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Needle-and-Thread Grass (Stipa comata)

Plant Species
From Montana Interagency Plant Materials Handbook *
S. Smoliak, R.L. Ditterline, J.D. Scheetz, L.K. Holzworth, J.R. Sims, L.E. Wiesner, D.E. Baldridge, and G.L. Tibke

Needle-and-thread is a deep-rooted, long-lived, native bunchgrass that occurs generally on the western ranges, and most abundantly on the sandy soils of the Northern Great Plains. It grows in almost pure stands as an invader on some of the abandoned croplands of the Plains. It is usually associated with western wheatgrass, blue grama and threadleaf sedge.


Needle-and-thread derives its name from the appearance of the seed, which is slender, sharp-pointed and has a long, bent, twisted, thread-like awn. The narrow leaves reach lengths of 8 to 12 inches, becoming inrolled as they mature. The individual bunches vary from 1 to 3 inches in diameter. The plant is made up of predominantly basal leaves with culm heights of 1 to 4 feet. Needle-and-thread has a characteristic long, membranous, notched and frayed ligule. The seed head is a rather narrow panicle 4 to 8 inches long, with the lower portion often retained in the sheath. The specific name "comata" comes from the Latin "coma" meaning head of hair, which refers to the appearance of tangled head of mature awns.


Needle-and-thread is a native grass, widely distributed over the western states and the Great Plains, and also occurs in the upper valley of the Yukon. It is common on dry, sandy or gravelly plains, mesas and foothills, and sometimes extends into the mountains up to elevations between 4,000 and 8,500 feet. It commonly occurs in the sagebrush, juniper-pinyon and ponderosa pine types of the Rocky Mountains, and on semidesert plains and foothills of the southwest. Needle-and-thread requires well-drained sites, and will not tolerate extremes in acidity or alkalinity.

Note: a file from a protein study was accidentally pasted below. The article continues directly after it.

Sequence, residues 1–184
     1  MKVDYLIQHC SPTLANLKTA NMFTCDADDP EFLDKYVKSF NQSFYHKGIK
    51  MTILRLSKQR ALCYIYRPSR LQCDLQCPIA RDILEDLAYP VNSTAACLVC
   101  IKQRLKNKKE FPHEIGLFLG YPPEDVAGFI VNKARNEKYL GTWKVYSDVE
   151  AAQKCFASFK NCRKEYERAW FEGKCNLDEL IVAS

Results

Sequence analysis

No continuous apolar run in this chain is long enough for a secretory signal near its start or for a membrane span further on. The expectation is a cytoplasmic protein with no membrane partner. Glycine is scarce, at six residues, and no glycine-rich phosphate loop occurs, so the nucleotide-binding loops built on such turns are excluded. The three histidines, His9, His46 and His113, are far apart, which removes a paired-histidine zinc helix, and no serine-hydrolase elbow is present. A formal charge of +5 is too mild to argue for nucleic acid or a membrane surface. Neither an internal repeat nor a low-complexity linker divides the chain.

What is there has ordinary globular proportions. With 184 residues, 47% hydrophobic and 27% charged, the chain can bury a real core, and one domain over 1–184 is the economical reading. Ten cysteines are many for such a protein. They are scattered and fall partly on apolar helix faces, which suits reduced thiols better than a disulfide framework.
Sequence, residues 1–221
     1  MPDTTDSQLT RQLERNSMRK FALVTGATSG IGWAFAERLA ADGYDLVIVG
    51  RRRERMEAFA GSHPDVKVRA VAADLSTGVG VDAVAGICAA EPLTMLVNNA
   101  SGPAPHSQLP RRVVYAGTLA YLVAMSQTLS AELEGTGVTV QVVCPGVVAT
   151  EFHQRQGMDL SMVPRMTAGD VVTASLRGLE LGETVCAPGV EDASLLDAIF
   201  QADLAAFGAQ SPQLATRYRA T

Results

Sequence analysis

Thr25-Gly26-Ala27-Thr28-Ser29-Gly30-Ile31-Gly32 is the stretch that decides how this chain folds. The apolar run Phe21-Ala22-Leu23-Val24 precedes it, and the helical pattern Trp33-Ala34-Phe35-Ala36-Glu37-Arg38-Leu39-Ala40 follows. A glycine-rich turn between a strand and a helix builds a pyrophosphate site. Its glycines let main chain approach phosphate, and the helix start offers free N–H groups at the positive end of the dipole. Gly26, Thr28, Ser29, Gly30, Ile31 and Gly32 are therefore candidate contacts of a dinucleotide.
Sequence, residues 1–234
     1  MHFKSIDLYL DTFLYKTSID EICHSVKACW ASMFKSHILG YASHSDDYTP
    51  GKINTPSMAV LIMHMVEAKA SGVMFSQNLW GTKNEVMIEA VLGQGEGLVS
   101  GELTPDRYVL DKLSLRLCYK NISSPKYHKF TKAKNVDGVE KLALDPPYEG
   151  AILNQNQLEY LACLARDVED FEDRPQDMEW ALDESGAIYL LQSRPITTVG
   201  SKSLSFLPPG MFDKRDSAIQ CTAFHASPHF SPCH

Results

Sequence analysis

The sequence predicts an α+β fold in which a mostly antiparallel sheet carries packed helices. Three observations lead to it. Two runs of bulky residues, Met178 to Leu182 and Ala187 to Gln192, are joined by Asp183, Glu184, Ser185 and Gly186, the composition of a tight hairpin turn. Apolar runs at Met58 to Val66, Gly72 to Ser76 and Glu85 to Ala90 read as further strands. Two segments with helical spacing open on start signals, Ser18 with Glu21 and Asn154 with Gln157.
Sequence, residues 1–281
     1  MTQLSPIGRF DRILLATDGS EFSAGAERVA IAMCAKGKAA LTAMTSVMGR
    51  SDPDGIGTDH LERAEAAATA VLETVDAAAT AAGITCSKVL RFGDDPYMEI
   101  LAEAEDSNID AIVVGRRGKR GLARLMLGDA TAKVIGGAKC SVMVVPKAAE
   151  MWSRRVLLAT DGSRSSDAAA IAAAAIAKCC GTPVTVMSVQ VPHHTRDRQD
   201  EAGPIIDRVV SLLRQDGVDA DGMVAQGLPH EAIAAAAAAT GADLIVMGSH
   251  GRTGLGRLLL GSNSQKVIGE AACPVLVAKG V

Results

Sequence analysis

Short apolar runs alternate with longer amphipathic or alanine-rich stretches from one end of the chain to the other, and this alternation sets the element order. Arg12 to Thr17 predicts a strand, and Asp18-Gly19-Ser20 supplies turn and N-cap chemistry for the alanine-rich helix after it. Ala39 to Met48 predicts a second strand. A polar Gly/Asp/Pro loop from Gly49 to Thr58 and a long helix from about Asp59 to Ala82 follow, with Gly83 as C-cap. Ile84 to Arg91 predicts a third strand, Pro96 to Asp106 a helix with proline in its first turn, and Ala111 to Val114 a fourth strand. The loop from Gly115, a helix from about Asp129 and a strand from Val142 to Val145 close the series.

The sharp seeds with attached awns will work into the wool and skin of sheep, and around the mouth and eyes. Cattle are bothered some with sore eyes and mouth, but not as much as sheep. The long awns also make it difficult to harvest and handle seed.

Use for Hay

It is cut for hay in parts of eastern Wyoming, the Dakotas and Nebraska, where it rates as very good forage. The native hay harvests usually include other species like western wheatgrass and bluebunch wheatgrass. Harvesting should be done prior to seed set to avoid the sharp seeds and awns. Native hay used as a mulch is one of the best ways to seed needle-and-thread, if harvested when seed is at the firm, dough stage.

Use for Pasture

The forage value of needle-and-thread varies in different regions, at different seasons and with varied ecotypes. It is rated as good forage early in the season until the seeds form. The plants are readily eaten again, once the seeds have shattered. This grass is valuable because of its ability to green up and produce new growth in summer and fall with the advent of sufficient precipitation. The forage cures well, providing nutritious winter grazing. When in a mixture, it is usually not the preferred species. Because it is an increaser, its abundance is difficult to reduce by grazing management.

Seed Production

The long awns and sharp, pointed seeds of needle-and-thread make seed harvest or collection difficult. Debearding is necessary to produce a usable seed, but must be done with care to insure as little damage as possible to the seed. When the seed is planted by mulching with native hay, the awn becomes a useful appendage. With changes in temperature and moisture, the twisted awn untwists, often times working the seed into the ground where it has a much better chance of germinating and establishing.

Native harvests are usually done by stripping and running the product through a hammermill or debearder to remove or reduce the awns. Very little seed is available on the commercial market because of the harvest and handling problems. Harvesting and processing techniques must be developed if this species will see much use as a conservation plant.

* The Montana Interagency Plant Materials Handbook (EB69) is no longer in print, but is available for viewing in
Montana County Extension Service and National Resource Conservation Service Offices.